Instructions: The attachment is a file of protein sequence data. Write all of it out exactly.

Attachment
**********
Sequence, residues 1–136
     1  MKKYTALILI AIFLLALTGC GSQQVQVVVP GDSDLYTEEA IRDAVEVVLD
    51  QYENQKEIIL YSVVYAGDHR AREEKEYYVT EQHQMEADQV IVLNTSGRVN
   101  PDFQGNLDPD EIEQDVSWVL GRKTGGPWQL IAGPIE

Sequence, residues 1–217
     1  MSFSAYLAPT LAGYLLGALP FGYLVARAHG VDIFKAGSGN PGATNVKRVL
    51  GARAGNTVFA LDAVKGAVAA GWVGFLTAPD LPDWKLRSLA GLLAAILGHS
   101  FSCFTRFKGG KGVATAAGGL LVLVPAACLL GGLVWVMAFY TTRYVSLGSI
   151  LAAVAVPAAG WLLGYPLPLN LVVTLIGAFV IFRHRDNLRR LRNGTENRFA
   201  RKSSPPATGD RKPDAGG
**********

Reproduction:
Sequence, residues 1–136
     1  MKKYTALILI AIFLLALTGC GSQQVQVVVP GDSDLYTEEA IRDAVEVVLD
    51  QYENQKEIIL YSVVYAGDHR AREEKEYYVT EQHQMEADQV IVLNTSGRVN
   101  PDFQGNLDPD EIEQDVSWVL GRKTGGPWQL IAGPIE

Sequence, residues 1–217
     1  MSFSAYLAPT LAGYLLGALP FGYLVARAHG VDIFKAGSGN PGATNVKRVL
    51  GARAGNTVFA LDAVKGAVAA GWVGFLTAPD LPDWKLRSLA GLLAAILGHS
   101  FSCFTRFKGG KGVATAAGGL LVLVPAACLL GGLVWVMAFY TTRYVSLGSI
   151  LAAVAVPAAG WLLGYPLPLN LVVTLIGAFV IFRHRDNLRR LRNGTENRFA
   201  RKSSPPATGD RKPDAGG